I am looking at these sentences:

  1. *The fool he is said this.*
  2. *The job he has is hard.*
  3. *The job he does is hard.*
  4. *The suit he wears is black.*

The reverse clause #1 seems completely wrong to me. #2 and #3 look somewhat questionable, and #4 looks completely correct to me. However, adding that (The fool that he is said this.) seems to make it more correct in each case.

It seems like I would always prefer to use that for all be/have/do-based reverse clauses to make them right.

My questions are: Is there a rule that makes #1, #2, #3 wrong? Or, perhaps, they are all correct?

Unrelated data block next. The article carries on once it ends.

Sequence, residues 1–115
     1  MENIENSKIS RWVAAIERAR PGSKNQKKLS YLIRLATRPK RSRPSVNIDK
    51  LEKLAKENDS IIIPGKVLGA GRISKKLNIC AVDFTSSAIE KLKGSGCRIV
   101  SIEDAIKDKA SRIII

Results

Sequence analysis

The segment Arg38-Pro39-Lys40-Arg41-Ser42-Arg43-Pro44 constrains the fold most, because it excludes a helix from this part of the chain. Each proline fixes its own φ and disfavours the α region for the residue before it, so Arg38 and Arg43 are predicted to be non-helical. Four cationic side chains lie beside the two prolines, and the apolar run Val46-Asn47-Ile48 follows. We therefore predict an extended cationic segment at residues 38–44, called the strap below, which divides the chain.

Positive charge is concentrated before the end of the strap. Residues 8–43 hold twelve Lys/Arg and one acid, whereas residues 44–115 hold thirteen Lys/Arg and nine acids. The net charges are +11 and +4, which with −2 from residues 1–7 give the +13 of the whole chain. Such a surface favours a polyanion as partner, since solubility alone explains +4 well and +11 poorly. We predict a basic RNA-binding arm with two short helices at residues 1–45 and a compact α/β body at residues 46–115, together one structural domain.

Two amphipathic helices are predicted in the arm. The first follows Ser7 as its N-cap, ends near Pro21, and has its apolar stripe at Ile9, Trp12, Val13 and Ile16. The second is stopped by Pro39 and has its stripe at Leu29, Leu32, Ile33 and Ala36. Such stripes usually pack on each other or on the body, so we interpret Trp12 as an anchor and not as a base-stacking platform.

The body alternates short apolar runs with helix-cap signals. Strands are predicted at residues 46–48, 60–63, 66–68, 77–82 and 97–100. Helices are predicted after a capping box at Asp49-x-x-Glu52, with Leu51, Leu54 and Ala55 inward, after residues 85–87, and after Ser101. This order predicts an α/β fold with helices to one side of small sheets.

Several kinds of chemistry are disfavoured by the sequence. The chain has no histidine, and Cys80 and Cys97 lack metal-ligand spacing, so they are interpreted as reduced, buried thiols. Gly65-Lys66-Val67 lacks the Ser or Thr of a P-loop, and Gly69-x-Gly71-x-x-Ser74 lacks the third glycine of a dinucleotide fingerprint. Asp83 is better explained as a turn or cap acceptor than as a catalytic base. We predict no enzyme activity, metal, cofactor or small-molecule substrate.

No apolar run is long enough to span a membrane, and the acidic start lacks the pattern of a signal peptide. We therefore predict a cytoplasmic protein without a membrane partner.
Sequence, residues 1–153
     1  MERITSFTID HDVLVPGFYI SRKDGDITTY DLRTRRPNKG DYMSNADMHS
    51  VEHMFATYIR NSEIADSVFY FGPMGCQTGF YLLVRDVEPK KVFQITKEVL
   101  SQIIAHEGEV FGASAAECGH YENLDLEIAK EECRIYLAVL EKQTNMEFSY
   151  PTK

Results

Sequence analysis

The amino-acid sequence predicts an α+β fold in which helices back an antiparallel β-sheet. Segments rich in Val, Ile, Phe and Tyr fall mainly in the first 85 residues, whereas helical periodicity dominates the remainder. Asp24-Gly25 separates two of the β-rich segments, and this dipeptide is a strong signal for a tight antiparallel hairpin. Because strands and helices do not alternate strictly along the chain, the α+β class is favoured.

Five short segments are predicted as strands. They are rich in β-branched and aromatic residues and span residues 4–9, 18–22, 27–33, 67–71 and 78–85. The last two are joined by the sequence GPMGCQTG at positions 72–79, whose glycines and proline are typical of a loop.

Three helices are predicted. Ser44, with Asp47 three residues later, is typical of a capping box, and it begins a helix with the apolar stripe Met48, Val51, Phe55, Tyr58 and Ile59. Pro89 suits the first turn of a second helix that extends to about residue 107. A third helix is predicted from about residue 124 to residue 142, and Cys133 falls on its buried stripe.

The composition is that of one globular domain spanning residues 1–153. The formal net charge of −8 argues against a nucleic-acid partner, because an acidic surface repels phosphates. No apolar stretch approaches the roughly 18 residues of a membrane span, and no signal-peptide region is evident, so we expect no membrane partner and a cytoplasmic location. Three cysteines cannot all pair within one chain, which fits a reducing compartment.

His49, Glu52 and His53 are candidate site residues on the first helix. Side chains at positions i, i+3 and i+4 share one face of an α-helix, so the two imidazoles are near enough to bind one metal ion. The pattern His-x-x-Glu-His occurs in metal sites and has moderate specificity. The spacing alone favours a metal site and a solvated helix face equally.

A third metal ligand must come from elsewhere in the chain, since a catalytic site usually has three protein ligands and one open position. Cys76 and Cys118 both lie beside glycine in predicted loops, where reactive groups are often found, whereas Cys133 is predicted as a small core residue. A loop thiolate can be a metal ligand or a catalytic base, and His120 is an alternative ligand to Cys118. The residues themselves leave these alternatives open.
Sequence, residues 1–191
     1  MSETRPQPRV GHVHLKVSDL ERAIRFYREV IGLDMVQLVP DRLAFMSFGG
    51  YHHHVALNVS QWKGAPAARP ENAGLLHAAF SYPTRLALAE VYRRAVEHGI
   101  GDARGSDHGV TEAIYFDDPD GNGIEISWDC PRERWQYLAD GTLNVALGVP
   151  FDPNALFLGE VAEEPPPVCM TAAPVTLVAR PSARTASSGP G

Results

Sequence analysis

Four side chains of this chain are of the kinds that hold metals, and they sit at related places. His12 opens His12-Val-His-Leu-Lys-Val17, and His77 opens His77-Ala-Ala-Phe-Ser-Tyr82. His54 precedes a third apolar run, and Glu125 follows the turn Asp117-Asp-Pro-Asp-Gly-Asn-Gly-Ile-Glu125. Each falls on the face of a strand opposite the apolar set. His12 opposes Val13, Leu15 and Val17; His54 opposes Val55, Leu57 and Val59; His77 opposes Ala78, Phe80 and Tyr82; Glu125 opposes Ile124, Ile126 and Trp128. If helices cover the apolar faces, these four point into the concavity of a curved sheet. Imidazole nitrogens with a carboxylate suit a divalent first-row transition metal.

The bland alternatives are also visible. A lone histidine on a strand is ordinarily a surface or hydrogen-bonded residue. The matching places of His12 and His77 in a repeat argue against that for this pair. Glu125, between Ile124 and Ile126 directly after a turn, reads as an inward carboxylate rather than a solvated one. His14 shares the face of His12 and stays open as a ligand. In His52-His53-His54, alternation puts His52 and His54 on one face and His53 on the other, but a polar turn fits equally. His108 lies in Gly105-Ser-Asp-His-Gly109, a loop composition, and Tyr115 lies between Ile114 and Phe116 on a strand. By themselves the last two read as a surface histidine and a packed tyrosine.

On a side note, I have never come across a book that would comprehensively describe and explain English grammar on a formal level. Books tend to go by example, and kind-of coach people to do it right only on an intuitive level.

1 Answer 1


All four sentences are fine.
The 'he' phrases are all "restrictive appositives", meaning (appositive =) phrases placed after a noun (restrictive =) that are essential to defining the identity of that noun.
For restrictive appositives, do not use a comma, but if nonrestrictive, use commas before and after the appositive phrase.

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